VICUS.COM (18 July 2000) --
Susan Push is a registered nurse who is licensed in acupuncture and
certified in hypnosis and visualization. True to her area of
specialization, she has a wonderful insight into Traditional Chinese
Medicine and the ability to clearly compare and contrast it to Western
in the New Millennium: High Tech/High Touch," The
Johns Hopkins Nurses' Alumni Association
Where: Baltimore, Md.
When: June 9, 2000
Details: Each year, in June, The Johns Hopkins
Nurses' Alumni Association offers a one-day continuing-education
seminar as part of homecoming weekend. The topic this year was
"Nursing in the New Millennium: High Tech/High Touch."
Through lectures, workshops and posters, a range of
complementary therapies were presented and discussed within the
context of modern nursing practice. Vicus.com covered the
Her lecture at the Johns Hopkins Nurses' Alumni Association symposium
titled, "Nursing in the New Millennium: High Tech/High Touch"
on June 9, 2000, in Baltimore, Md., clarified and crystallized the basic
differences in philosophies that distinguish the approaches of each
discipline to health care.
Push, who maintains the Life Cycles Acupuncture Center in Parkville,
Md., and is an education specialist at Franklin Square Hospital in
Baltimore, Md., reviewed the basic perception of the body as viewed from
TCM. Push, a R.N., M.P.H., L.Ac., then compared yin and yang,
provided insight into the organ systems and gave an overview of the
basic tenets of diagnosis in TCM.
Her presentation is a primer for anyone with a Western background who
is interested in learning about TCM. A summary is provided here.
Is your body a machine or garden?
In Western medicine, according to Push, the body is viewed as a
"machine." It has working parts that are replaced as they
become worn out or break. One 17th century physician
even likened the body to a well-made clock.
In the Western world, reality is "matter." It is solid and
it can be touched. This view is established early in the training of
Western medical health-care professionals and is exemplified in many
common mechanistic analogies to human body parts. For example, the heart
is described as a pump, the lungs are considered bellows and the nervous
system is viewed as an elaborate telephone network.
In TCM, by comparison, everything is described in terms of nature.
For example, the body is viewed as a garden, and health-care
professionals are more closely analogous to gardeners than to craftsmen.
As such, gardeners understand that if their garden receives too much
water, it becomes soggy and the plants die. Too little water causes
plants to wither. Too much shade will stunt growth, etc.
In TCM, the health-care professional works as a "gardener"
to maintain homeostasis of the garden, and their patients are considered
to be an integral part of the Earth. Whatever befalls the Earth befalls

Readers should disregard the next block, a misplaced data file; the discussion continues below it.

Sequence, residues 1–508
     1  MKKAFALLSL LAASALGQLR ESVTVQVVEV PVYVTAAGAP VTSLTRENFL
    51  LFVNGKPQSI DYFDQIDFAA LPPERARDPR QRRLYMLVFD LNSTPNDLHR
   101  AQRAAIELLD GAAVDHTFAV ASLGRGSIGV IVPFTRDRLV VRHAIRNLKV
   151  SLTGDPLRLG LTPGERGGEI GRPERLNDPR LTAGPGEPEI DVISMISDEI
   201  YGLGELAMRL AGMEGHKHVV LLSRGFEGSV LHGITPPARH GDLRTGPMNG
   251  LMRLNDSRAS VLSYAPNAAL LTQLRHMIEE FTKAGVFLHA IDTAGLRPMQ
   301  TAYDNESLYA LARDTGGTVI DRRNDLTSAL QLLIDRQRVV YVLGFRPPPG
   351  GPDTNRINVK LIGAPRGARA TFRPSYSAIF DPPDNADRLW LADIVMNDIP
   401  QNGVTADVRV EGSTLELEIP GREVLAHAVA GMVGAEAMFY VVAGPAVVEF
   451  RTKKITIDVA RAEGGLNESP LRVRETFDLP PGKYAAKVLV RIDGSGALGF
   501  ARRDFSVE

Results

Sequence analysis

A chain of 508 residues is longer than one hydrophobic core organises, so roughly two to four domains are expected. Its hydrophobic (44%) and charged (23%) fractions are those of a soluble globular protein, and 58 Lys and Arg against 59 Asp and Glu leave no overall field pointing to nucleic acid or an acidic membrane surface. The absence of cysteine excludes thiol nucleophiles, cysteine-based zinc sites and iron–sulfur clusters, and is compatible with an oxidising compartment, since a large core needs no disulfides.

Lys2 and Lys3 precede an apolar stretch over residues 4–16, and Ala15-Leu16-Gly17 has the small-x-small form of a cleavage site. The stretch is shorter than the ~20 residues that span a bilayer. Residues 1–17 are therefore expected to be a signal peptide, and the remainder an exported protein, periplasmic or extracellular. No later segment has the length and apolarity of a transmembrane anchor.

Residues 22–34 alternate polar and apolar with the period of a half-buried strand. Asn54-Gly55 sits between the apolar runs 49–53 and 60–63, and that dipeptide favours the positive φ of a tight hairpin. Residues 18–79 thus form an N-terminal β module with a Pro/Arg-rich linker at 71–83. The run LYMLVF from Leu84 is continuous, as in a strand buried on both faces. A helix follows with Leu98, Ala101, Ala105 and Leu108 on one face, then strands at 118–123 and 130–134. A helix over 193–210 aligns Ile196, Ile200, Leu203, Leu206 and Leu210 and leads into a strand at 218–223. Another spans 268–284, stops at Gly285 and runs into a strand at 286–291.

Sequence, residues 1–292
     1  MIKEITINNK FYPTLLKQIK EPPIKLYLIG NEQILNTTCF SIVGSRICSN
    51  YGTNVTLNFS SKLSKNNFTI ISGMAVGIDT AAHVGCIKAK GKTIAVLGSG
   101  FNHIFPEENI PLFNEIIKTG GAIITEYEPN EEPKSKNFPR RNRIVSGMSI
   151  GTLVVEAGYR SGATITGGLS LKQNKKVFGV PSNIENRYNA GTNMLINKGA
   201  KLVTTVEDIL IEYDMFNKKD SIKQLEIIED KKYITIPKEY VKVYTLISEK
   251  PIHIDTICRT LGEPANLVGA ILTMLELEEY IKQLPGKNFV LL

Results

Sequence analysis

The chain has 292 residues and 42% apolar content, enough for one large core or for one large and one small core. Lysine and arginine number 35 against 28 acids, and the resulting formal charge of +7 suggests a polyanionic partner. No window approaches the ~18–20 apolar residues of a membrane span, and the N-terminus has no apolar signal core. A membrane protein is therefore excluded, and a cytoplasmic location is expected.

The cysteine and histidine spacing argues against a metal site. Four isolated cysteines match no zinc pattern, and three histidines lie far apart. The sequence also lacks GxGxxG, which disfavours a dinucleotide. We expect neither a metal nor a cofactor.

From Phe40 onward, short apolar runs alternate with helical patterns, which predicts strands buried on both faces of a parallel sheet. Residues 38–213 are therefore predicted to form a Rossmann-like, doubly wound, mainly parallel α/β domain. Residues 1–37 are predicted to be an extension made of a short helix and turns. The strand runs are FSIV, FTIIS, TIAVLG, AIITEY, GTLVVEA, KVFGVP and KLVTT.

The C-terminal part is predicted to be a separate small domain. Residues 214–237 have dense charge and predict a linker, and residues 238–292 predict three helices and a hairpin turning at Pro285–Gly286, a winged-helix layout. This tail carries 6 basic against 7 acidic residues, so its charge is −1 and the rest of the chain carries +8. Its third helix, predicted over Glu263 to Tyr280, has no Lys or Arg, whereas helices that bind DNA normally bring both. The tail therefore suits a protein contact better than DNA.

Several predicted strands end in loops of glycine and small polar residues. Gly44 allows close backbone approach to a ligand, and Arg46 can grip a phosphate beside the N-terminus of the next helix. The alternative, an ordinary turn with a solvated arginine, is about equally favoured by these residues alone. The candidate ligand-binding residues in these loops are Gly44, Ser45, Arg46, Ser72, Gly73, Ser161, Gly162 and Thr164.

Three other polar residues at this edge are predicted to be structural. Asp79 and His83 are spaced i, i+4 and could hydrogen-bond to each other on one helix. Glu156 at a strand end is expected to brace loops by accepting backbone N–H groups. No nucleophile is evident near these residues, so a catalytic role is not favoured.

Yin and yang
To understand TCM, it is important to realize that in the body, a
constant balancing of yin and yang exists, which must be in harmonious
balance for wellness to be present.
Yin and yang should not be viewed as dominant and submissive forces.
Rather, yang is the active force that moves qi (chi),
the energy force, through the body. Yin, by comparison, is similar to
blood (although it is much more than that in TCM). Yang is needed to
move yin, but if yang is weak, it will lack the energy needed to move
yin, which then becomes stagnant and leads to blockage and pain, which
can be physical, psychological or a combination of both. Table
1 compares the patterns of yin and yang. It includes
corresponding physiological patterns as well as constitutional and
Organ systems in TCM
It is not possible, if we are limited to a Western perspective, to
fully understand organ systems in TCM. For example, blood in TCM differs
from our Western perception, in that it goes beyond the functions that
we generally attribute to body fluids to include an energetic principle.
There are also organs in Chinese medicine that do not have names in
Western medicine, such as Triple Burner (the division of the torso into
an upper, lower and middle section, each with their corresponding
functions: respiration, digestion and elimination).
In TCM, body organs have a psychological function as well as a
physiological function. For example, a person who is experiencing
frustration leading to anger is considered in TCM to have a liver
disorder. This is beyond the traditional Western view of the liver
functioning to detoxify substances in the body.
Diagnosis in TCM
Finally, as an introduction to TCM, Push provided an overview of the
eight guiding principles in making a diagnosis in TCM (Table
The process starts with an assessment of cold and heat (i.e.,
retarded or accelerated metabolic activity) and continues with an
assessment of a state of deficiency or excess (hypofunction or
hyperfunction) of an organ or other factors. The process moves on to
assess whether the condition is internal (affecting deeper layers of
tissues and function) or external (affecting superficial layers).
Finally, there is assessment of yin and yang.
Russo Jr., Pharm.D, is senior vice president of medical
communications at Vicus.com. He is a pharmacist and medical writer with
more than 20 years of experience in medical education.
Editor's note: Thanks
to the Johns Hopkins Nurses' Alumni Association for making the events
accessible to Vicus.com